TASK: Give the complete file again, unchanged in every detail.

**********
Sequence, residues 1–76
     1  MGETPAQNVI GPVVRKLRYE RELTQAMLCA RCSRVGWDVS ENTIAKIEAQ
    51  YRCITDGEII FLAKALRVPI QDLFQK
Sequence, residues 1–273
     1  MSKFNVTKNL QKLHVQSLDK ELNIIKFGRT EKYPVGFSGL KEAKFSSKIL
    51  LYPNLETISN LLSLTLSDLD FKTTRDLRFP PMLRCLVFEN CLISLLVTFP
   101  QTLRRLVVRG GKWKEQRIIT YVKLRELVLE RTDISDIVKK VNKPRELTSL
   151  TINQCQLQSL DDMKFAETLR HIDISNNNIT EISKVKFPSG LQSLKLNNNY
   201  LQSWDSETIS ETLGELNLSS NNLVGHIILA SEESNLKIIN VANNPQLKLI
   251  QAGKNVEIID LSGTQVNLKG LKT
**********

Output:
Sequence, residues 1–76
     1  MGETPAQNVI GPVVRKLRYE RELTQAMLCA RCSRVGWDVS ENTIAKIEAQ
    51  YRCITDGEII FLAKALRVPI QDLFQK
Sequence, residues 1–273
     1  MSKFNVTKNL QKLHVQSLDK ELNIIKFGRT EKYPVGFSGL KEAKFSSKIL
    51  LYPNLETISN LLSLTLSDLD FKTTRDLRFP PMLRCLVFEN CLISLLVTFP
   101  QTLRRLVVRG GKWKEQRIIT YVKLRELVLE RTDISDIVKK VNKPRELTSL
   151  TINQCQLQSL DDMKFAETLR HIDISNNNIT EISKVKFPSG LQSLKLNNNY
   201  LQSWDSETIS ETLGELNLSS NNLVGHIILA SEESNLKIIN VANNPQLKLI
   251  QAGKNVEIID LSGTQVNLKG LKT